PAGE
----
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More in News
Norway horse is one-of-a-kind
ONE-OF-A-KIND — Pat Ingersoll, owner of Iron Moose Farm in Norway, rides her horse Fred who is pushing 100 – in people years. She said that he, unlike all her other horses on the farm, is very laid back.
NORWAY — "Fred was not famous for what he did; Fred was famous for who he was," writes Paris author Patricia Gott, in her new book entitled "Horse Tails by Famous Fred."
The book tells the story of 32-year-old Fred. In human years, that's about 100 years old.
Fred, a palomino quarter horse, is spending his retirement years at the 20-acre Iron Moose Farm in Norway, with owners Pat and John Ingersoll.
Pat has been involved in rescuing unwanted, abused or neglected horses since 1980.
Nearly four years ago, the couple moved to the area from Boxford, MA so they could have more space for their eleven horses – including Fred.
In her book, Fred tells his life story about the struggles of being rescued, adopted and retrained, says Gott.
Fred is "a horse with a kind and gentle spirit who was loved by entire neighborhoods and towns in northeast Massachusetts and who showed his appreciation everyday for being rescued and given a second chance at life," she writes.
According to Gott, Fred has gone from a professional polo pony to a family pet, from a hunter to a pleasure horse, all in his 32-plus years of life. He has also been used as a carriage-driving horse, adds Ingersoll.
"He was so versatile and willing to cooperate, as long as he was happy with what he was doing, and his person [owner] was happy," she said. Anybody in the horse community that needed an interim horse would use Fred, she said. "That's how he came to live with nine or 10 people over the years. His last stop was with me."
Before the Ingersolls adopted Fred in 2003, he was taken under the wing of Alice Turner, who in 1991 rescued him from being the subject of an experiment by the veterinary school at Tufts University.
"Fred was a horse that was rescued when he was only five years old," says Ingersoll, "because he [refused] to do the job that somebody wanted him to do.
"He didn't want to be a school horse in a polo school. He was a polo horse teaching riders to play polo that didn't know how to ride. Every time he stepped onto the field ... he was ridden by inexperienced people; his mouth was pulled on; he was hit with balls; he was hit with mallets and people would fall off of him.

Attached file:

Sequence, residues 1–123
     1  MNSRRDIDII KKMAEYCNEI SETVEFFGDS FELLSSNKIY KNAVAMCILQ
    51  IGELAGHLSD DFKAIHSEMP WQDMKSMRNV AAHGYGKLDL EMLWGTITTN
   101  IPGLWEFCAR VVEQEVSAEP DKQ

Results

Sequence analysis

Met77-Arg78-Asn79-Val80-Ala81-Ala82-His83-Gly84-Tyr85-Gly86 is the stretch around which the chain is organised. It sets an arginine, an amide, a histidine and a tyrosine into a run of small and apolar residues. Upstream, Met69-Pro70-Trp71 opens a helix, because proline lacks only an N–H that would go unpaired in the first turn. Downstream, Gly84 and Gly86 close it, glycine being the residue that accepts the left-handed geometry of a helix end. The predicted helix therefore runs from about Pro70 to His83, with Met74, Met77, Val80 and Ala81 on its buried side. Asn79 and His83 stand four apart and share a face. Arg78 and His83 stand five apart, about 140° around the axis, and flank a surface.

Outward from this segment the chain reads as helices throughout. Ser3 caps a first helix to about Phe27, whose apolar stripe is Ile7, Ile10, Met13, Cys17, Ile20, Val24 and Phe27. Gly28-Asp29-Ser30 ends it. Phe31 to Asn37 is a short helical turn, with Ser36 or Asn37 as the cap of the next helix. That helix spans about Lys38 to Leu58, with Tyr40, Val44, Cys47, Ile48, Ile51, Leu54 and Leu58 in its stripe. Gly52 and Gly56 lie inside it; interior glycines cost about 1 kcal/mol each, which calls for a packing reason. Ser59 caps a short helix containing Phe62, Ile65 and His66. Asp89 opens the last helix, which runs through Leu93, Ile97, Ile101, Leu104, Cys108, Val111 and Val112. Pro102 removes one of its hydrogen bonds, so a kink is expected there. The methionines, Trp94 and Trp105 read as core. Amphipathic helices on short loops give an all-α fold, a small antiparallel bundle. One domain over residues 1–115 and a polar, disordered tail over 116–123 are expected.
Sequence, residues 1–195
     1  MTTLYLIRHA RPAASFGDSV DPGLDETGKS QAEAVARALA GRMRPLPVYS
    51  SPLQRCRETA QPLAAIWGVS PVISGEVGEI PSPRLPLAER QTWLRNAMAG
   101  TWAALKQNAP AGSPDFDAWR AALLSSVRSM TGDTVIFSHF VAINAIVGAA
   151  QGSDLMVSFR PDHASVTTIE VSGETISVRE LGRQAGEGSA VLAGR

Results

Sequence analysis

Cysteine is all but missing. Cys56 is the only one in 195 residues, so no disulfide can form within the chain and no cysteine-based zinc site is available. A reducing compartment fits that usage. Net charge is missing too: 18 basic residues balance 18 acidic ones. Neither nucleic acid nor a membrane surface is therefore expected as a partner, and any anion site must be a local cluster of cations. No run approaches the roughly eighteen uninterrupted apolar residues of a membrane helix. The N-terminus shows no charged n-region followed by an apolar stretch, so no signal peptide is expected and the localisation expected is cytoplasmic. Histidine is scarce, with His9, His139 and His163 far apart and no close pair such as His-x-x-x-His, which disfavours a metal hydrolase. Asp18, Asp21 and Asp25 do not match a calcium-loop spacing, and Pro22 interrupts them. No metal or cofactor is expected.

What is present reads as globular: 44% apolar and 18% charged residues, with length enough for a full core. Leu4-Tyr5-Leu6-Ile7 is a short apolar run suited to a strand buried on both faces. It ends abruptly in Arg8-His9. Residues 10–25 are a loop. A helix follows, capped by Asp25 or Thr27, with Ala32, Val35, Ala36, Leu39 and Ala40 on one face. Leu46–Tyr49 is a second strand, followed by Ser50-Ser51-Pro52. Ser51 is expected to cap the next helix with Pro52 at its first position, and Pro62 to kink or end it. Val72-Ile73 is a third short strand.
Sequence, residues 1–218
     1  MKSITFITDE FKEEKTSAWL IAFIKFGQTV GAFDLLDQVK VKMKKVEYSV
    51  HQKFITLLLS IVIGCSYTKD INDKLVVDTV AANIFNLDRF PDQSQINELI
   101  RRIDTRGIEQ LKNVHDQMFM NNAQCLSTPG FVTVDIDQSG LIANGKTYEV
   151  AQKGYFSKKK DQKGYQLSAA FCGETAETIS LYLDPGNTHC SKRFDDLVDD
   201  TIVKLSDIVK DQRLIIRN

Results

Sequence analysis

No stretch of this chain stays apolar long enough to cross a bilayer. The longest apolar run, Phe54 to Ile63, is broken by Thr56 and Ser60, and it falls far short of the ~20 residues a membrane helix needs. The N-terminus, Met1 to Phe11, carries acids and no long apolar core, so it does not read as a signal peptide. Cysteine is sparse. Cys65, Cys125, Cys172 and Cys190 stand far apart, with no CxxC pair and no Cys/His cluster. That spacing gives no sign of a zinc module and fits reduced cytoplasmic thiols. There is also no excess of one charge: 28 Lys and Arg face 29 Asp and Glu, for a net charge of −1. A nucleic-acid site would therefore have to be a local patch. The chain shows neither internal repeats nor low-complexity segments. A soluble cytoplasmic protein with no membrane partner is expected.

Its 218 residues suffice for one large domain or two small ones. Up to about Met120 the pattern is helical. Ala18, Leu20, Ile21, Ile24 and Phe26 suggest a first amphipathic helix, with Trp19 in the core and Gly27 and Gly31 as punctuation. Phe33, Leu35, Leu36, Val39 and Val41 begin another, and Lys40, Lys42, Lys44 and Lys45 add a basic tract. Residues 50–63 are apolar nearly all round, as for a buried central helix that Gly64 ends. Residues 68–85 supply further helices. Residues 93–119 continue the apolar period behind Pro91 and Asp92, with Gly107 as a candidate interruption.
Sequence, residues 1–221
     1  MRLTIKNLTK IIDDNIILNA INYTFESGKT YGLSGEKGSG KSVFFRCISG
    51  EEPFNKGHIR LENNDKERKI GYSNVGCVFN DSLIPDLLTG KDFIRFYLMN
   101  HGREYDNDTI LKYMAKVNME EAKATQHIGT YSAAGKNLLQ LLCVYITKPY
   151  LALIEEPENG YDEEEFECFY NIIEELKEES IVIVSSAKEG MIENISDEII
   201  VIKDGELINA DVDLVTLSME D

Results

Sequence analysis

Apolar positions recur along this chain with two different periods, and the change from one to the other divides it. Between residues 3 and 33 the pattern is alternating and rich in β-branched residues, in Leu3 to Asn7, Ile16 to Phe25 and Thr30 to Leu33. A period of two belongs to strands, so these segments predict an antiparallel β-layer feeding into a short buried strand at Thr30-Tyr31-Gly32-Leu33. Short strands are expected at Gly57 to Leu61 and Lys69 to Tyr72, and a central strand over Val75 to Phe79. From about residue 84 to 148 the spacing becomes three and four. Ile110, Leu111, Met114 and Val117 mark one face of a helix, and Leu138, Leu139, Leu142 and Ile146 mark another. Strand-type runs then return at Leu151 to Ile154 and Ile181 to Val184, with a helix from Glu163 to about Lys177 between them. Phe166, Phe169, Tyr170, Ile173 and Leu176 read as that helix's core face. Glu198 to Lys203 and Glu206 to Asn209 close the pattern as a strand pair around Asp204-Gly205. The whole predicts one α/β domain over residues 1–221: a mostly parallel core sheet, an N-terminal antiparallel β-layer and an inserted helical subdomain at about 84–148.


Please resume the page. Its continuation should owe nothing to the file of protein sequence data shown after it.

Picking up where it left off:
"You really have to look at it from his perspective; he didn't like it, and this is why the book is told as if he were writing it."
Ingersoll said that, one day, Fred refused to go out onto the field. "Nothing could make him go out," says Ingersoll. "The owner of the school decided, 'if you're not going to make me money, then I can't have you here.' He was going to send him to Tufts University as an experimental horse; then he could take a tax write-off, by donating him."
"Lord knows what would have happened to him there," says Ingersoll.
Fred's forte is being a pleasure horse. At one point in his life, he was also used as a therapeutic horse at Wind Rush Farm Therapeutic Riding School in Boxford.
"He was such a good-natured horse ... that anybody could ride him," says Ingersoll. "He wouldn't do anything stupid or foolish, which horses often do — they take advantage of inexperienced riders."
But Fred is not like that, she said. "He knows who he's got on his back, and he knows how much he can do."
Despite his age, Ingersoll says that Fred is in excellent health. "As a matter of fact, he is flourishing better here in Maine than he did with me in Massachusetts," she says.
But Gott says that to most people who meet, and even get to know Fred, he is more than just any old pony.
"He changed the way that people see horseback riding," she explained. "He seemed to change their lives. He is very different. He has very different intonations. His whinny is as though he is actually talking."
"He's very vocal," agrees Ingersoll. "He's the farm's greeter."
From Gott's perspective,"he's like a person reincarnated into a horse."
Ingersoll says that Fred is like a 1,200-pound dog that "loves to be scratched and petted ... He loves to be itched along his neck. He will lead himself from the pasture into the barn all by himself," which most of her horses don't do.
Fred loves people, especially children. Most children, Ingersoll says, are usually intimidated by horses — but not by Fred. "I've seen at least three kids that have come for visits, that have opened up, and bloomed," including a three year old that at first, "was so afraid of everything."
"But kids come, and they want to see Fred," says Ingersoll. "He's a little kid magnet."
Since she was 8 years old, Gott has always owned, raised and trained horses. She said she now owns two Arabian horses.
Gott said that horses are lucky if they even live to be 25 years old these days. She said that 1 out of 500 horses die before the age of 30. Ingersoll said if they are well-taken-care-of, though, they can live to be nearly 40. She said her oldest horse was 38 when it had to be put down.
"Some horses, when they get old, they droop like a hound dog, but Fred doesn't have that demeanor," says Gott.
"At 32, sometimes they aren't that frisky, but he is," agrees Ingersoll.
"He enjoys being here, and being the ambassador of the barn," she says.
"He looks fabulous. You would never know he was 32 years old. He's loving life."
Gott will hold a book signing at Books N Things in Norway on June 2 from 11 a.m. to 1 p.m. to sign "Horse Tails by Famous Fred."